Through textbooks and literature, students examine gender and race representation in public education
By Kenna Caprio
Florham Campus students taking Schools and Society with Riad Nasser, professor of sociology, recently conducted research on gender and race representation in public school textbooks and English literature curriculum.
They found sporadic female representation in the selected literature, with women characters most often described in relation to male characters — as mothers, wives, sisters or partners — and relegated to supporting roles.
“It’s hard to judge a book based on the absence of something — in this case, women — but the ratio between male and female characters often skews in favor of men, especially in terms of main characters,” says Amanda Clark, a junior creative writing and QUEST major. “I also focused on the gender of the authors. A major criticism of the books we’re taught in public school is that we only read works by straight, white men. What I found most interesting, is how women authors had the same sexist problems in their books as the male authors did. That implies that gender roles can become so ingrained that women end up perpetuating the same gender stereotypes.”
In textbooks, both female and Black historical figures were underrepresented. “There were more female textbook authors than male, and still there was little to no information about women in history. Nor were other cultures or people of color highlighted, beyond a mere mention,” says Shaniah Davis, a junior theater arts major. The history textbooks made only brief reference to some of the most famous Black Americans, including Martin Luther King, Jr., Rosa Parks and W. E. B. Du Bois.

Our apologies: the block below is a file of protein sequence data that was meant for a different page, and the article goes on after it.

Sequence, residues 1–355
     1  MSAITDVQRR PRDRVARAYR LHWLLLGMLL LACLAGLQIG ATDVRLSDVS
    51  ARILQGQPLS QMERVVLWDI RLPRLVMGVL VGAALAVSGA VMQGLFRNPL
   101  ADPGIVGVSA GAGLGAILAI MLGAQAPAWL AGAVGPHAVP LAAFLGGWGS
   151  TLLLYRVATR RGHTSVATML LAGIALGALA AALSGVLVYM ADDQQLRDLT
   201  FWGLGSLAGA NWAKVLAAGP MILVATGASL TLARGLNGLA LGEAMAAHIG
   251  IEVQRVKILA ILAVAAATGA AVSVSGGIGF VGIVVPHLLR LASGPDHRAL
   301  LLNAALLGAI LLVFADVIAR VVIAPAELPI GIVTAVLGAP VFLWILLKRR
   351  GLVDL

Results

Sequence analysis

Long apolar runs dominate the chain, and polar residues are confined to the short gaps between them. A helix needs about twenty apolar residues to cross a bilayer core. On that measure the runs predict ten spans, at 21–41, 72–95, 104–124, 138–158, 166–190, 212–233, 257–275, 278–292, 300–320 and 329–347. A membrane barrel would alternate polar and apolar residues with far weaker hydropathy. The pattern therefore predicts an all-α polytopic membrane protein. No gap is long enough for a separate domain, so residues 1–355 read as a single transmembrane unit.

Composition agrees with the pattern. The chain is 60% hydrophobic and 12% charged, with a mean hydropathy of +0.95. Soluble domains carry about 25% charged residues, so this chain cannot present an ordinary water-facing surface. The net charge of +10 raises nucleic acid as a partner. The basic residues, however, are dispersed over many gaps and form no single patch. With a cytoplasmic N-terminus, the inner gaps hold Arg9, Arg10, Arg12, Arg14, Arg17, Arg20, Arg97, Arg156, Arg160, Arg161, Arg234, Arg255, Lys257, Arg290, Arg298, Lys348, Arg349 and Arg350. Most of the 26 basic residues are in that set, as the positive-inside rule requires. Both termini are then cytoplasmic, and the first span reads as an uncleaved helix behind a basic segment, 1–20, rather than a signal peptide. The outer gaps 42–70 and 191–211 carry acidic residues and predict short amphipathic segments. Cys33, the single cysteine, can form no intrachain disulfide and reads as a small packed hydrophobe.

“We found that gender bias still permeates modern-day high school textbooks and might have an impact on student self-esteem and gender identity,” says Michelle Schmitz, a sophomore sociology major.
“The gender biases that permeate textbooks must be at the forefront of discussions around educational reform in order for gender equity to take place within the educational system and within society as a whole,” says Nicolette Visciano, a senior creative writing major. “It is important to understand that children are always consciously and unconsciously forming impressions of their own potential and ability based upon societal and cultural influences. As long as educational tools reflect a biased representation of gender roles, progress toward gender equity and equal representation will remain stunted.”
Brittany Clifford, a junior creative writing and QUEST major, and Evan Covington, a junior film and animation major, also contributed to the research.
“With the right guidance and training, students can acquire the academic skills to conduct full-scale research on social issues. The skills that these students have gained from this exercise will increase their competitiveness both, in the future labor market, and in graduate school studies,” says Nasser.